- Lubbock Avalanche Journal
- The Texas Tribune
- The Austin American-Statesman
- San Antonio Express-News
- KCBD-TV Lubbock
Changing what happens at the street-level in law enforcement can be as much about changing attitudes as rules. In many jurisdictions, the necessity of enacting a policy will force departments to think concretely about eyewitness identification issues for the very first time. As that happens, one hopes that discussion behind the scenes in agencies across the state will greatly assist in changing the ground-level culture of how lineups are handled. After all, it's not like most cops want to pick the wrong guy.
Will the bill stop misidentifications? No. Such errors occur too frequently, and in fact are far and away the leading single cause of false convictions. Memory plays tricks and errors happen too often. But the legislation would establish some baseline uniformity and professionalism regarding how lineups are handled, taking important first steps that wouldn't otherwise happen at most agencies without a law.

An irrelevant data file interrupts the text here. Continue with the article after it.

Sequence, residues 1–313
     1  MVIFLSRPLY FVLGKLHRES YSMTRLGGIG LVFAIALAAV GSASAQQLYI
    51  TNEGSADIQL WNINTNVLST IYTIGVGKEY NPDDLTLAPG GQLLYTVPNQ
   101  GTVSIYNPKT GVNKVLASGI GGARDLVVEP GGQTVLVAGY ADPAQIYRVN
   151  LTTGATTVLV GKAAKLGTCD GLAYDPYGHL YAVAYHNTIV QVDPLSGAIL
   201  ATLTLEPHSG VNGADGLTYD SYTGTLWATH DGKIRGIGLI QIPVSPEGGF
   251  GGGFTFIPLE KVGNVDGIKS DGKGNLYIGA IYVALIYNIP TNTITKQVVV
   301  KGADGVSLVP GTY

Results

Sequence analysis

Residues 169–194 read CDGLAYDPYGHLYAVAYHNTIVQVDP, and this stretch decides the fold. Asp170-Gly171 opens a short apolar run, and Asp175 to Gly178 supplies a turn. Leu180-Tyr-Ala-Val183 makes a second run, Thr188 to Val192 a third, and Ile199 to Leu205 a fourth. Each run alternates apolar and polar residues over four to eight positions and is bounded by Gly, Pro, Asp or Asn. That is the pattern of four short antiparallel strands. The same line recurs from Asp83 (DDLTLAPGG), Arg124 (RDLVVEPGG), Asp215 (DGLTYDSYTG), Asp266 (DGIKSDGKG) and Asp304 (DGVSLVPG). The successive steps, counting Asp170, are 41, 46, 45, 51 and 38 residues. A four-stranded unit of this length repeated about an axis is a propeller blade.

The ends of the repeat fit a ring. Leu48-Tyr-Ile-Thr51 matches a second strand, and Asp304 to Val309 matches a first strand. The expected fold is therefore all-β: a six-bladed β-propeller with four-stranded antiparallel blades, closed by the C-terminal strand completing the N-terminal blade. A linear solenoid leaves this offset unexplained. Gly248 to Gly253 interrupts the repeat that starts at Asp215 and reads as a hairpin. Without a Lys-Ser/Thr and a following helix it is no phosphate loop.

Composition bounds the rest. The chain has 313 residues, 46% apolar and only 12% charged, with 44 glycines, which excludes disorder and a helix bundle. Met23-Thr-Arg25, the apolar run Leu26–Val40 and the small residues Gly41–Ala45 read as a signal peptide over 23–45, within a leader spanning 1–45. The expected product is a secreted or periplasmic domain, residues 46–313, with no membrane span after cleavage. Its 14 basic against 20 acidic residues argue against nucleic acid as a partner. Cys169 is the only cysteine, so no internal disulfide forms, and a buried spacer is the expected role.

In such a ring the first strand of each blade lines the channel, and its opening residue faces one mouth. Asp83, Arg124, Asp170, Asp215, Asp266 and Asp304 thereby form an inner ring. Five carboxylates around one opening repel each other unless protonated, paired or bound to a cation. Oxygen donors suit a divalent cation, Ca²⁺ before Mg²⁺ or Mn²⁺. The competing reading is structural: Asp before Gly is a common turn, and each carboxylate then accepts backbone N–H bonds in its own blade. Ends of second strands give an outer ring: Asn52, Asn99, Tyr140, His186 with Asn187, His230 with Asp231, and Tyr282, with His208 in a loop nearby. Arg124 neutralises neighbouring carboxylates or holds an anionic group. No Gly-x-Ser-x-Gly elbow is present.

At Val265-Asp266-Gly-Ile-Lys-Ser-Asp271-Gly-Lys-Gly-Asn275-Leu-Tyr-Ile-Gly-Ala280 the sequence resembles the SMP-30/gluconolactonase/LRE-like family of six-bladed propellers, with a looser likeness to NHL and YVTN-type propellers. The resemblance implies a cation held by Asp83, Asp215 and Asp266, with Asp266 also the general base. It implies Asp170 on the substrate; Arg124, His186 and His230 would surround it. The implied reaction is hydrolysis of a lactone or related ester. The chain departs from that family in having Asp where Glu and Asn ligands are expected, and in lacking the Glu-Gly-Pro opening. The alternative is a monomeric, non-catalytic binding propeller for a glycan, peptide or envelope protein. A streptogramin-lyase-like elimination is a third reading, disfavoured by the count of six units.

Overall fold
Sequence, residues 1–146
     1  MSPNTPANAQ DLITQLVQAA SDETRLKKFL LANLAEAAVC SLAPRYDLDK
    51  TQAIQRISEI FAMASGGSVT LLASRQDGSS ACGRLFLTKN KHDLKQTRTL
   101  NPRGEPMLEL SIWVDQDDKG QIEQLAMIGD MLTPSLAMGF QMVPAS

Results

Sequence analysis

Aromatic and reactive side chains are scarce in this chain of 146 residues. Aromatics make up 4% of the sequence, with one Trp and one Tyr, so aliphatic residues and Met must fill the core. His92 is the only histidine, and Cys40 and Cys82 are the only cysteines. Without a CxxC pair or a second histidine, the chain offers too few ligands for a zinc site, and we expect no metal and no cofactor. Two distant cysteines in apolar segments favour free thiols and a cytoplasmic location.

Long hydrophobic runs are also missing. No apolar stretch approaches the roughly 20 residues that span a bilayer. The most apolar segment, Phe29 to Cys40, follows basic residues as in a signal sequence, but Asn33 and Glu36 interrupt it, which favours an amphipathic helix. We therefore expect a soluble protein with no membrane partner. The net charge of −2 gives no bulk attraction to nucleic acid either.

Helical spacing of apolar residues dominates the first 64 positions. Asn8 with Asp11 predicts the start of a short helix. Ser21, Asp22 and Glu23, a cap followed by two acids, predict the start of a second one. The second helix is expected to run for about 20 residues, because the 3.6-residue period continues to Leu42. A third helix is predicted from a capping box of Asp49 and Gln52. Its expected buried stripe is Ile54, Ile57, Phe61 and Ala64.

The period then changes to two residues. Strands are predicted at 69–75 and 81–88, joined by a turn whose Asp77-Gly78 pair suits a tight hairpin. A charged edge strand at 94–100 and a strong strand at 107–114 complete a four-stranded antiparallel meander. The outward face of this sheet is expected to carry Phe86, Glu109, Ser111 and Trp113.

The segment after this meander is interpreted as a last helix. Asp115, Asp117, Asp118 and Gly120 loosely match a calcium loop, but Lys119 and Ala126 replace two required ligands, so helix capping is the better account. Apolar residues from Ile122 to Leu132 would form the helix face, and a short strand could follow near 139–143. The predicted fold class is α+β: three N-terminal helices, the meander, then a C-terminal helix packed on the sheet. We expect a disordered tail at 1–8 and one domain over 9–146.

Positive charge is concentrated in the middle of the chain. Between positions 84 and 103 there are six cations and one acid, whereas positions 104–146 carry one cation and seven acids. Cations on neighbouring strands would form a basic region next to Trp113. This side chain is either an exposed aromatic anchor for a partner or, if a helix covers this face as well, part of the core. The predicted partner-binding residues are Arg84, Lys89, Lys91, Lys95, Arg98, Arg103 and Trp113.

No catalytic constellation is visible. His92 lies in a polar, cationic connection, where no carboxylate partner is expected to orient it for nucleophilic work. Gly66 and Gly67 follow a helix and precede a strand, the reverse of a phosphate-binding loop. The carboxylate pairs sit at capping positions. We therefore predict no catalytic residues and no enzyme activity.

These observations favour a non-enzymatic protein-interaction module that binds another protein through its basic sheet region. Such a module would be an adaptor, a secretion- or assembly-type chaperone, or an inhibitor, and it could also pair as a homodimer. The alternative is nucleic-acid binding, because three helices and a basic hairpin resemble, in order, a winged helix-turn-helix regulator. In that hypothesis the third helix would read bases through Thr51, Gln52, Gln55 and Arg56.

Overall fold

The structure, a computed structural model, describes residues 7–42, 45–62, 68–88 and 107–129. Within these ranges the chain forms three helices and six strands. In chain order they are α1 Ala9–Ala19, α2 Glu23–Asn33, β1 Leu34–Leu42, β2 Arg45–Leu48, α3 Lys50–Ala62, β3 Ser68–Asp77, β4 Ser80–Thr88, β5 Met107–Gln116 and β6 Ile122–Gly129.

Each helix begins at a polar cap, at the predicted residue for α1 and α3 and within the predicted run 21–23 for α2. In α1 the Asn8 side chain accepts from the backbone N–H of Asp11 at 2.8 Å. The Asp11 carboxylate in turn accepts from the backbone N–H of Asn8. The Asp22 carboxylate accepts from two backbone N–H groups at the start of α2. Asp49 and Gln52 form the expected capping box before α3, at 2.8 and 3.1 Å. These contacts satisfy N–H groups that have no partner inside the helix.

See related Grits posts:
- How much do eyewitnesses really see?
- Eyewitnesses and the 'feeling of knowing'
- Eyewitnesses in staged test only 8% accurate
- More on the fallibility of eyewitness testimony
- Eyewitnesses miss big changes in their environment, like the person in front of them
- Study: 88% of police and sheriffs have no written policy on eyewitness ID procedures, even fewer follow best practices
- CCA Integrity Unit: Eyewitness ID reform should be top innocence priority